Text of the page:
BCDA urged to heed court order on John Hay
Takeover threats persist despite arbitration rulePhilippine Daily Inquirer
BAGUIO CITY—A firm developing Camp John Hay appealed to the government agency with jurisdiction over former US military base lands to heed a court order that compels the company and government to submit to arbitration proceedings over a debt feud that has turned into a protracted war.
In a statement, the Camp John Hay Development Corp. (CJHDevCo) said Bases Conversion and Development Authority (BCDA) should not cease moves related to a takeover of John Hay, a former rest and recreation base of the US military, following a Baguio court ruling ordering the two parties in the John Hay conflict to submit to arbitration.
“BCDA, being a government agency, must now submit itself to the rule of law and refrain from taking further steps to take over or seize control of the leased premises from CJHDevCo,” said a statement issued by lawyer Manuel Ubarra Jr., CJHDevCo spokesperson.
In a nine-page order, Acting Presiding Judge Cecilia Corazon S. Dulay-Archog, of RTC Branch 6, granted CJHDevCo’s petition to compel BCDA to submit itself to arbitration proceeding initiated by CJHDevCo at the Philippine Dispute Resolution Center Inc.
The lower court rejected the argument of BCDA that it had the right to unilaterally terminate the lease contract of CJHDevCo. It reasoned that whatever infraction or breaches one party may claim against the other should first be brought to arbitration and not through extrajudicial rescission of the lease contract.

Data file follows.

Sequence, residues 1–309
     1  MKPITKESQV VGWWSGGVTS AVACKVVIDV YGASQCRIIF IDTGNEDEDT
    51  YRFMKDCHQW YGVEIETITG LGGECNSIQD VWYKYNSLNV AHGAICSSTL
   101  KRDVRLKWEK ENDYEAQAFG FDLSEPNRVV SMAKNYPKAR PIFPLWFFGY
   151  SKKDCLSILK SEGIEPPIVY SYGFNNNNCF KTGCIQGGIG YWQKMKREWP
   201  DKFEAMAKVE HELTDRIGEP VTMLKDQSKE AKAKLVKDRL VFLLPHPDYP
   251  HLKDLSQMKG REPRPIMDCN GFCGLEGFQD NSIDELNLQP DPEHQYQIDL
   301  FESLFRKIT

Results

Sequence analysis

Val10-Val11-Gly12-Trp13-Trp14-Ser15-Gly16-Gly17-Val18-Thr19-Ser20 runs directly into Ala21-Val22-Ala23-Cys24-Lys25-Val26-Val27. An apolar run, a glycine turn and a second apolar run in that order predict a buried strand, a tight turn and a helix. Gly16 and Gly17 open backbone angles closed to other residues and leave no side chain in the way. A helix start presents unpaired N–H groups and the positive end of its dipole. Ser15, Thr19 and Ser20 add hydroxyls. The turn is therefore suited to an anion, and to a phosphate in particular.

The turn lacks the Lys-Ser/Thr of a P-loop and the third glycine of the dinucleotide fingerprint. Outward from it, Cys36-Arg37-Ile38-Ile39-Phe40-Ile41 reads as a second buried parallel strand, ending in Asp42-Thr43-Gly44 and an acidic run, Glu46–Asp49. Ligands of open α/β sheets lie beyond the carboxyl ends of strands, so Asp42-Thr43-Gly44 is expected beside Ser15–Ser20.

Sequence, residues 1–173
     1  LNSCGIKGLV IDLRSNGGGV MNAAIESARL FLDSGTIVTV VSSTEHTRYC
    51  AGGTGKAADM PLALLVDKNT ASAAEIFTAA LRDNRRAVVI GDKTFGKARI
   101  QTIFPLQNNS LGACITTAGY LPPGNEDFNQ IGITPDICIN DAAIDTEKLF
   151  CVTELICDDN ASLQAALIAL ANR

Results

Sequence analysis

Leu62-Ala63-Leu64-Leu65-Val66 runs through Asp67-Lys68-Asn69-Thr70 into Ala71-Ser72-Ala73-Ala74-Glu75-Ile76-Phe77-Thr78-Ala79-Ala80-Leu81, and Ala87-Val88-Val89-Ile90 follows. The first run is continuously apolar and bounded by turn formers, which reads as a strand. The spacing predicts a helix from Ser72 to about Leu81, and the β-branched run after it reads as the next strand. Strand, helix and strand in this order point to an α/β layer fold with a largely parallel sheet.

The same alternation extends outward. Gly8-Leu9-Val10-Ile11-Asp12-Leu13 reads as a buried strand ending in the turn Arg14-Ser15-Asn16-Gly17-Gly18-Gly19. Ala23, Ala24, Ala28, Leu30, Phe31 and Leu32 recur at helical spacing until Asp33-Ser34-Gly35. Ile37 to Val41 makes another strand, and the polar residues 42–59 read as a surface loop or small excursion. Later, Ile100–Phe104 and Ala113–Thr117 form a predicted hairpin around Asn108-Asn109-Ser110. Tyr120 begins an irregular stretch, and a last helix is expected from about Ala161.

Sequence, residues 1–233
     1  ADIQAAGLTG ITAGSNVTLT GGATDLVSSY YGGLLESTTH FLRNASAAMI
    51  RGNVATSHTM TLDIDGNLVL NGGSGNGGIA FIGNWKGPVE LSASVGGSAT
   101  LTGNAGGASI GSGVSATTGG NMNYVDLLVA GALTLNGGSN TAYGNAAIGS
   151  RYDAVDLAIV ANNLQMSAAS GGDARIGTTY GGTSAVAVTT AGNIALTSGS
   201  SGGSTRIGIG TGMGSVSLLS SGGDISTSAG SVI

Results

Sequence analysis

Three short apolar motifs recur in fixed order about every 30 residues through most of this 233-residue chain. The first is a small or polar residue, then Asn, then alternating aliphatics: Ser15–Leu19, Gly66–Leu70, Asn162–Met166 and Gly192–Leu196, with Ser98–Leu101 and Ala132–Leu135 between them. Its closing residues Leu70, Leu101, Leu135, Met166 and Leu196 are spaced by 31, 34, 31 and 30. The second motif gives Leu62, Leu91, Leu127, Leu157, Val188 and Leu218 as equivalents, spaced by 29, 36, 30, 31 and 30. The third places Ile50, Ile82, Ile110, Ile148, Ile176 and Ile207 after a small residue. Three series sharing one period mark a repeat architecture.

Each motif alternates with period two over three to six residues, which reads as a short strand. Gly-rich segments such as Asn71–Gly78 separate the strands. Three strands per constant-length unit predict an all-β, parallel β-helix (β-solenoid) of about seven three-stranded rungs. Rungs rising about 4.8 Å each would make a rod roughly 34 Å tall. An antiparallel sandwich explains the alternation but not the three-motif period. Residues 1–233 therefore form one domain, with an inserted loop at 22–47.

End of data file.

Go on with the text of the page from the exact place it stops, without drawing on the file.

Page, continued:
The RTC judge also affirmed an earlier injunction order against BCDA restraining the agency from taking over Camp John Hay which is being leased to CJHDevCo or from committing any act that tends to wrestle control or possession of leased premises subject to the filing of a bond by CJHDevCo.
BCDA head Arnel Paciano Casanova said in a text message yesterday that “there is nothing in the order that would prevent BCDA from exercising its right of terminating the [John Hay] lease.”
Archog’s ruling on July 13 gave CJHDevco 30 days from the time it received the decision to pay a bond.
“The court confirmed the arbitration clause in the lease agreement and never touched on the merits of the case,” Casanova said.
Ubarra said Casanova had rejected CJHDevCo’s lease rental offer without first looking at the firm’s proposal.
The CJHDevCo lawyer said the firm’s officials were invited to a meeting with the BCDA board by BCDA chair Felicito Payumo for a presentation but were prevented from entering the board meeting by Casanova.
The firm’s officials were carrying a proposal to pay up to P8.5 billion to BCDA over a period of time that would include months that BCDA failed to issue permits that CJHDevCo needed to operate fully.
This, Ubarra said, “merely demonstrates the undeserved prejudice and discrimination of the Board of BCDA against CJHDevCo.” With a report by Vincent Cabreza, Inquirer Northern Luzon